Signet Ring thumbnail 1
Signet Ring thumbnail 2
Image of Gallery in South Kensington
On display at V&A South Kensington
Jewellery, Rooms 91, The William and Judith Bollinger Gallery

Signet Ring

1550-75 (made)
Artist/Maker
Place of origin

This ring would have been used as a signet, pressed into hot wax to seal a letter or packet. Personal seals (secreta) provided an essential legal safeguard and were used to witness documents such as wills, deeds of gift, loans and commercial documents, personal letters and land indentures.

Signet rings could be engraved with a coat of arms or crest, an initial, a merchant's mark (a geometric symbol used to mark goods or personal belongings), or a personal symbol. Sixteenth and seventeenth century portraits show signet rings worn on the forefinger or thumb, presumably to make it easy to apply the ring to the wax by turning the hand. They were items of jewellery with a practical function but the use of precious metals and engraved hardstones indicates that they were also signs of status.

This ring forms part of a collection of over 600 rings and engraved gems from the collection of Edmund Waterton (1830-81). Waterton was one of the foremost ring collectors of the nineteenth century and was the author of several articles on rings, a book on English devotion to the Virgin Mary and an unfinished catalogue of his collection (the manuscript is now the National Art Library). Waterton was noted for his extravagance and financial troubles caused him to place his collection in pawn with the London jeweller Robert Phillips. When he was unable to repay the loan, Phillips offered to sell the collection to the Museum and it was acquired in 1871. A small group of rings which Waterton had held back were acquired in 1899.


Object details
Categories
Object type
Materials and techniques
Chased and engraved gold
Brief description
Gold signet ring, the circular bezel engraved with the arms of Contarini, and shoulders chased with acanthus, Italy, 1550-75.
Physical description
Gold signet ring, the circular bezel engraved with the arms of Contarini, and shoulders chased with acanthus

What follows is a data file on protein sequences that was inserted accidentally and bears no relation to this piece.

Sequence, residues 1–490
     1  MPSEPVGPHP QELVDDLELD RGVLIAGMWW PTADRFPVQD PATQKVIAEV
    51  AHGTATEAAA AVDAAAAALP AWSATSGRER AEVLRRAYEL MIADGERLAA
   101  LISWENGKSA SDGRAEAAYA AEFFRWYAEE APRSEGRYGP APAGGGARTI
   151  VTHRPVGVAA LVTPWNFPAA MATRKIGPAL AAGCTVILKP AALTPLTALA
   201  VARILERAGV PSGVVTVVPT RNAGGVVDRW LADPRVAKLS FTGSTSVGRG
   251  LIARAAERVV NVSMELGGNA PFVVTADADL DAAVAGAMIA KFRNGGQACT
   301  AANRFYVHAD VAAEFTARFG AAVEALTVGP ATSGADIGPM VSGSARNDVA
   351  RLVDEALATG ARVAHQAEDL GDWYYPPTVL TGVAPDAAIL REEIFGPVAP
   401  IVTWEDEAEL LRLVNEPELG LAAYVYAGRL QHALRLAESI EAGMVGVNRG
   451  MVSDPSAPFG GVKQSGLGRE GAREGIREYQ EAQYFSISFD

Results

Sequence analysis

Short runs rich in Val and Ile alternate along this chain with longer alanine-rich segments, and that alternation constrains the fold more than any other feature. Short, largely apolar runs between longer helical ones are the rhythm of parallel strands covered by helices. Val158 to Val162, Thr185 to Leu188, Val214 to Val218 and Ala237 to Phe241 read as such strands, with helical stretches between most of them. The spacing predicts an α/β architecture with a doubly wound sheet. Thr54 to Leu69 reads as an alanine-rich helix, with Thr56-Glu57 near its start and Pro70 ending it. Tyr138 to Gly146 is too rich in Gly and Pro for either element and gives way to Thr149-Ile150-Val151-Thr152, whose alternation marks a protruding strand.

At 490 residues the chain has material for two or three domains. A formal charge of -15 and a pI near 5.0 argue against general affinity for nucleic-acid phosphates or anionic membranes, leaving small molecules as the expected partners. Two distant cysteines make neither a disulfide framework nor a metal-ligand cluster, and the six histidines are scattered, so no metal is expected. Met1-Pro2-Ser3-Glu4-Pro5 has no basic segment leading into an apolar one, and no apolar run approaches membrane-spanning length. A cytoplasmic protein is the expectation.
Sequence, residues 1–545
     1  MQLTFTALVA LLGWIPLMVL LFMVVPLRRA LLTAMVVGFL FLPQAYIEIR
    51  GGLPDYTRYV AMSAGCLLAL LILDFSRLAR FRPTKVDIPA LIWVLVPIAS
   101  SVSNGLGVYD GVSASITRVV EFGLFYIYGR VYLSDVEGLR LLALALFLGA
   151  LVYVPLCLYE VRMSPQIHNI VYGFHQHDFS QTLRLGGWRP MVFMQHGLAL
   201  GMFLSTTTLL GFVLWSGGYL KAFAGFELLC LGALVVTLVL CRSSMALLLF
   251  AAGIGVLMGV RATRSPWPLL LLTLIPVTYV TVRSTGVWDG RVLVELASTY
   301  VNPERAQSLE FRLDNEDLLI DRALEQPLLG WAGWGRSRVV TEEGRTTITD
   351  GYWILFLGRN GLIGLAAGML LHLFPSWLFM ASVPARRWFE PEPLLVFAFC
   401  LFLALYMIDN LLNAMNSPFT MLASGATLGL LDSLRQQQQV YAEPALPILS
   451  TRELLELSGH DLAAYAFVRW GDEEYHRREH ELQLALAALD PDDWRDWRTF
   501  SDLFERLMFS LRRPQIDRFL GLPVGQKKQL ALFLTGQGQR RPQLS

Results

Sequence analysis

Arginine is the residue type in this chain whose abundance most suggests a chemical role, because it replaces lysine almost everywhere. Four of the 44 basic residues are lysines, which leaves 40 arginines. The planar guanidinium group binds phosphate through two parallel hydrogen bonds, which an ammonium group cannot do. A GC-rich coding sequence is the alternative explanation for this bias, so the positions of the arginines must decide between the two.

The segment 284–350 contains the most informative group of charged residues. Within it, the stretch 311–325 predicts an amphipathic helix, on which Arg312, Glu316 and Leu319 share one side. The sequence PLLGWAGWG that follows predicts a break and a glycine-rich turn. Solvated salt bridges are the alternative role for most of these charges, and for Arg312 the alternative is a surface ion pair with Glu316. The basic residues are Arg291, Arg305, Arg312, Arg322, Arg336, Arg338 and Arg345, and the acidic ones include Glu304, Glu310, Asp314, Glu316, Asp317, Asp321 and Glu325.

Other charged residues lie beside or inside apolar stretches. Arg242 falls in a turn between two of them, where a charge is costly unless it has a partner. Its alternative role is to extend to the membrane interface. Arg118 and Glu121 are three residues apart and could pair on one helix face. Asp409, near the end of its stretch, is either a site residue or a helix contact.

Dimensions
  • Height: 2.1cm
  • Width: 2.2cm
  • Depth: 0.9cm
Marks and inscriptions
engraved with a coat of arms (the arms of Contarini)
Object history
ex Waterton Collection
Subjects depicted
Summary
This ring would have been used as a signet, pressed into hot wax to seal a letter or packet. Personal seals (secreta) provided an essential legal safeguard and were used to witness documents such as wills, deeds of gift, loans and commercial documents, personal letters and land indentures.



Signet rings could be engraved with a coat of arms or crest, an initial, a merchant's mark (a geometric symbol used to mark goods or personal belongings), or a personal symbol. Sixteenth and seventeenth century portraits show signet rings worn on the forefinger or thumb, presumably to make it easy to apply the ring to the wax by turning the hand. They were items of jewellery with a practical function but the use of precious metals and engraved hardstones indicates that they were also signs of status.



This ring forms part of a collection of over 600 rings and engraved gems from the collection of Edmund Waterton (1830-81). Waterton was one of the foremost ring collectors of the nineteenth century and was the author of several articles on rings, a book on English devotion to the Virgin Mary and an unfinished catalogue of his collection (the manuscript is now the National Art Library). Waterton was noted for his extravagance and financial troubles caused him to place his collection in pawn with the London jeweller Robert Phillips. When he was unable to repay the loan, Phillips offered to sell the collection to the Museum and it was acquired in 1871. A small group of rings which Waterton had held back were acquired in 1899.
Collection
Accession number
806-1871

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Record createdDecember 9, 2005
Record URL
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